On the other hand, I do have some marvellous souvenirs, bought or found, which I'll treasure for ever.
- Three splendidly made zurnas - strident Turkish shawms, in apricot and rosewood. I've made wind instruments myself and I would be proud if I could turn out anything as elegant and well made. We spent a whole afternoon in the shop in Unkapani, Istanbul, trying zurnas, talking music, and drinking apple tea, before I bought these three. I can only play them when the cats are out in the garden...
- A Bulgarian duct flute which I bought one snowy Saturday morning in Sofia, a city no one likes but where I felt instantly at home. I tried twenty flutes before finding this one, and the guy in shop said 'Ah, dusha' - 'soul'. Yes, I'd found a soul mate. It's quite the opposite of the zurnas - robust, roughly made, but it has integrity, and a marvellous breathy sound that thrills me every time I play it.
- A little palm leaf book with a frog on top that I bought in an antique shop in Herault when I was walking the 'Via Arletana' to Santiago. I think it's Indonesian. It's nothing to do with the pilgrimage, nothing to do with the south of France. But it was cute, and it was a hot day, and it reminds me of the fountains in Saint Guilhem du Desert, and the wind on the mountains.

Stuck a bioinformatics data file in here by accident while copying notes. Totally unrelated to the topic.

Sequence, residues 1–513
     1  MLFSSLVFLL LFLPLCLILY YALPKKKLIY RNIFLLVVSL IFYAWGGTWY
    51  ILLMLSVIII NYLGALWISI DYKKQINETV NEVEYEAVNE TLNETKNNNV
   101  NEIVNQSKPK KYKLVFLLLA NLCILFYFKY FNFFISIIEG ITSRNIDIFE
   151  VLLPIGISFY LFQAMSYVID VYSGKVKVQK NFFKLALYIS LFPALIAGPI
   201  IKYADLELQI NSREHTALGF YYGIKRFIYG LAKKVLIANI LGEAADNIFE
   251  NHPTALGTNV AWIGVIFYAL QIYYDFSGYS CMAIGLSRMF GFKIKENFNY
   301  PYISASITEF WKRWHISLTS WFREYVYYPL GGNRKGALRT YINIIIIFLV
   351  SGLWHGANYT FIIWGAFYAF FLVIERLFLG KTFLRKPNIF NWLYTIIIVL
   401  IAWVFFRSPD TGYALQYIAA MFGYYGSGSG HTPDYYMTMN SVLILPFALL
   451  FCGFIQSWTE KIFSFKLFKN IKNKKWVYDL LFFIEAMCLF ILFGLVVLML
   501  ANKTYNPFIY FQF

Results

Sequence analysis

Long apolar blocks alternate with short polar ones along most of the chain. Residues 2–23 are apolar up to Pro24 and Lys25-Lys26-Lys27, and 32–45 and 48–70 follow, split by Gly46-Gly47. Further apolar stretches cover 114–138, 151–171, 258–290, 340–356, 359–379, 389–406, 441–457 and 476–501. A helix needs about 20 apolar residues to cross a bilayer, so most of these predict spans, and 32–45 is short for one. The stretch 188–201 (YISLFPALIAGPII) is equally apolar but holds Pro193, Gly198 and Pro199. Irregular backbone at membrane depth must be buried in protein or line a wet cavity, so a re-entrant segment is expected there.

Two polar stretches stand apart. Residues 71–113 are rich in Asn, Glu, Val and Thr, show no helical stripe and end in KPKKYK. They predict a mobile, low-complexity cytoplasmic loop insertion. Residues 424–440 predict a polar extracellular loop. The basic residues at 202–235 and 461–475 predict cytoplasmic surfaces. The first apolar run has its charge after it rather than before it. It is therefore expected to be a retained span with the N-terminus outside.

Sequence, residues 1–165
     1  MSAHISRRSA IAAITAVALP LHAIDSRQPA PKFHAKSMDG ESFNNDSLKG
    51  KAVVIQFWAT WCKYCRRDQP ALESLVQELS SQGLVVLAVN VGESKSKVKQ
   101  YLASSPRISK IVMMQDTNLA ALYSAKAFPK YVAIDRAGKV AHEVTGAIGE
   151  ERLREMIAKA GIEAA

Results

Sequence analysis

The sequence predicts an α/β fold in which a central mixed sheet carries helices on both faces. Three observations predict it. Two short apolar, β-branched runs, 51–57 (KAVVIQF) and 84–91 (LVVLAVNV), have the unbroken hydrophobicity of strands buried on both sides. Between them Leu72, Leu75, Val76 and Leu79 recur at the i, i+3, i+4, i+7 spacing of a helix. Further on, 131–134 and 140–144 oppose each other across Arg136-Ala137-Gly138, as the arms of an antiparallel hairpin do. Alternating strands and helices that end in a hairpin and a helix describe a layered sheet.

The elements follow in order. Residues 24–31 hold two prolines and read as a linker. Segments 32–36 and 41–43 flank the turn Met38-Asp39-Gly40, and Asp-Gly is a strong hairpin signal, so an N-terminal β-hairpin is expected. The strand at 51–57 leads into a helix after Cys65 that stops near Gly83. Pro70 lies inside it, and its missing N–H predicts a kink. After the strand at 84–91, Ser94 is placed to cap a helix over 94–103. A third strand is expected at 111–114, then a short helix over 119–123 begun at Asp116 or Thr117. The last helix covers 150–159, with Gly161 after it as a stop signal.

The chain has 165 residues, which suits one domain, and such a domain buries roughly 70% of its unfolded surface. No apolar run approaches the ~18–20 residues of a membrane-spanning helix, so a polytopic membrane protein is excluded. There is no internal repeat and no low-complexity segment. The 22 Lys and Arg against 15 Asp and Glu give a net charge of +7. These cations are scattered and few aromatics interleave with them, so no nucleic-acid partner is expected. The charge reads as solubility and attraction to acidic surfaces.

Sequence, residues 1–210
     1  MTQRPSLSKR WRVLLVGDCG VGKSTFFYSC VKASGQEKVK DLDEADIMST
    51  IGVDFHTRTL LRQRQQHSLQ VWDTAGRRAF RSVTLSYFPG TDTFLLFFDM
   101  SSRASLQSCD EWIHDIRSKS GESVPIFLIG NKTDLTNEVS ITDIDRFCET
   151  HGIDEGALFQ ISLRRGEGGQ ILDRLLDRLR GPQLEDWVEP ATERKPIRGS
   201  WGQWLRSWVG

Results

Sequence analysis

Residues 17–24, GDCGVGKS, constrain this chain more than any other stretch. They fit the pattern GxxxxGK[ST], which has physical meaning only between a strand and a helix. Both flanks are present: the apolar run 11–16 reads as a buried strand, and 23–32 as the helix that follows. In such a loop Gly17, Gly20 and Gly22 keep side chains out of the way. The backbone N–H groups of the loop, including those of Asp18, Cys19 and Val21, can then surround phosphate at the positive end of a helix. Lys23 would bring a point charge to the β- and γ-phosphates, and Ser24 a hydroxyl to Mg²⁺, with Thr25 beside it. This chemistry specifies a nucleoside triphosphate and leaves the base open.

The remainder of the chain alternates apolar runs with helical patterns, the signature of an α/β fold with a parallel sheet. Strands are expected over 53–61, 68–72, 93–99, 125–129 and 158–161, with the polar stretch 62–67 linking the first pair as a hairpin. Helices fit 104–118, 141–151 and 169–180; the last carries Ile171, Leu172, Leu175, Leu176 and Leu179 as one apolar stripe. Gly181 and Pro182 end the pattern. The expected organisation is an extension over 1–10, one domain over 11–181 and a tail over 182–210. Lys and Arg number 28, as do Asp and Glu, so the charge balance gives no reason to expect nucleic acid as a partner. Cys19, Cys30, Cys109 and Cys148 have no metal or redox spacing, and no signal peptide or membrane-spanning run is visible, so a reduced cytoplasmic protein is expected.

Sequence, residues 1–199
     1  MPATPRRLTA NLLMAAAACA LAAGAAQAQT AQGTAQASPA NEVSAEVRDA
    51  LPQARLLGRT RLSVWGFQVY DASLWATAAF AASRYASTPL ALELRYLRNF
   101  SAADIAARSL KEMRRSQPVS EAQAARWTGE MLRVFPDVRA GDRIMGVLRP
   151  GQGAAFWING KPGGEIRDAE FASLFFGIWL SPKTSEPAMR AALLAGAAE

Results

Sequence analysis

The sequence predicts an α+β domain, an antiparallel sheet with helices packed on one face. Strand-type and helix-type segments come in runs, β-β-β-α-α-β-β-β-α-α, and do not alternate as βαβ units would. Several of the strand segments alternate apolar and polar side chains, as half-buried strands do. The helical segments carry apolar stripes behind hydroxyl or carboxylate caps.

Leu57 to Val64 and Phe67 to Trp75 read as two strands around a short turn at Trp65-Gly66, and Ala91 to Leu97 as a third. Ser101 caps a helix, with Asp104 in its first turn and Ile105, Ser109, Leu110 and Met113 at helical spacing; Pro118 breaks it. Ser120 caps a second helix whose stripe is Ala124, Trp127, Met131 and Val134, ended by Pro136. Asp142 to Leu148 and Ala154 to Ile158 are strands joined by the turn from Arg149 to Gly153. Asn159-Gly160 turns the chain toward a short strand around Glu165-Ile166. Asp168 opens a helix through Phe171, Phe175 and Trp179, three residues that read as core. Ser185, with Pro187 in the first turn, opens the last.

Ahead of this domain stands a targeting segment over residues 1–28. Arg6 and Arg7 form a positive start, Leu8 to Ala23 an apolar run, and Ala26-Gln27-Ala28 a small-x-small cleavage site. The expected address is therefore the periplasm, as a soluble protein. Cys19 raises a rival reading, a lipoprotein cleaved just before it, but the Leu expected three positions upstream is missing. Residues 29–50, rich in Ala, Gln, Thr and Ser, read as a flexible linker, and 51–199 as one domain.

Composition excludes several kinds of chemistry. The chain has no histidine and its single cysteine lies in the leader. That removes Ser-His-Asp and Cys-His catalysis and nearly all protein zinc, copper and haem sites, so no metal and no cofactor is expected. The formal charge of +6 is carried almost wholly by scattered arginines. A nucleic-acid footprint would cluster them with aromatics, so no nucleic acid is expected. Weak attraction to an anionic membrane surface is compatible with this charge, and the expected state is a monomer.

- A pair of black babouches that I bought in Sefrou, Morocco. They're not posh, they cost about five quid, they're the same old black babouches that everyone wears in Morocco. Except, apparently, I'm gender-bending; black is for men. And they're in suede, which I love. I've just had to superglue the soles back together, I've worn them so much.
- Wooden spoons and spatulas from the Tahtakale market in Istanbul, made in olive with its dark brown patterns in the light yellow wood. I use them most days, feeling the heavy wood against my fingers, so much more satisfying than the furry softwood of spoons made in the west.
- A huge wooden pestle and mortar we bought in Rabat, which reduces spices to dust in a matter of minutes. So much more fun to use than the electric grinder.
And the one that got away;
- The singing mosque alarm clock, which plays a muezzin for you every morning, as seen in the souk at Muttrah, Oman. It's tacky. It's tasteless. It cost one rial (about £1.50). I wish I'd bought one.
If I think of my best souvenirs, they're either tiny things that won my heart, or things I'm going to use every day. And of course because I'm a musician, and enjoy cooking, they're things from a strange place that relate to my interests - that are specifically interesting for me, not necessarily for other tourists.
Of course the best souvenirs, though, are not physical at all. You can get them on the plane whether you have a spare luggage allowance or not. They are memories, photographs, thoughts - the space where your mind opened up as you realised that life could be different, that the crescent moon sits with its horns up in the Middle East, that a city can be built on water, that a muezzin's voice can be a thing of beauty, that Oman smells of cardamom, that emptiness can have as much appeal as the busy texture of city life. The best souvenirs I have are all locked in my mind; and, I was going to say, they'll stay there - but since I'm a writer, they'll probably make it out on to paper or pixels at some point.